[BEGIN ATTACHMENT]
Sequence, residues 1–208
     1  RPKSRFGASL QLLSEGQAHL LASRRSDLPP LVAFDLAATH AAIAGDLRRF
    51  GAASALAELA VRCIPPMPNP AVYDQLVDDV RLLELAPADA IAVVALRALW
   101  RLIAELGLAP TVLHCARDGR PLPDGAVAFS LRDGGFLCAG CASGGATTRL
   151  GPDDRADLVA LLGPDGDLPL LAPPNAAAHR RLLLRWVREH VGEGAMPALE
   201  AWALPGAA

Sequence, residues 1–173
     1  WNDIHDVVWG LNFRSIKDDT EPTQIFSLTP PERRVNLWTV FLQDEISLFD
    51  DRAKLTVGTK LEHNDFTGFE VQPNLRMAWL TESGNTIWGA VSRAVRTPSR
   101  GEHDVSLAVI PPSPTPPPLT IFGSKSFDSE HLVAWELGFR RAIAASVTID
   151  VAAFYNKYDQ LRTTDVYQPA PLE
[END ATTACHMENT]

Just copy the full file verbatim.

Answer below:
Sequence, residues 1–208
     1  RPKSRFGASL QLLSEGQAHL LASRRSDLPP LVAFDLAATH AAIAGDLRRF
    51  GAASALAELA VRCIPPMPNP AVYDQLVDDV RLLELAPADA IAVVALRALW
   101  RLIAELGLAP TVLHCARDGR PLPDGAVAFS LRDGGFLCAG CASGGATTRL
   151  GPDDRADLVA LLGPDGDLPL LAPPNAAAHR RLLLRWVREH VGEGAMPALE
   201  AWALPGAA

Sequence, residues 1–173
     1  WNDIHDVVWG LNFRSIKDDT EPTQIFSLTP PERRVNLWTV FLQDEISLFD
    51  DRAKLTVGTK LEHNDFTGFE VQPNLRMAWL TESGNTIWGA VSRAVRTPSR
   101  GEHDVSLAVI PPSPTPPPLT IFGSKSFDSE HLVAWELGFR RAIAASVTID
   151  VAAFYNKYDQ LRTTDVYQPA PLE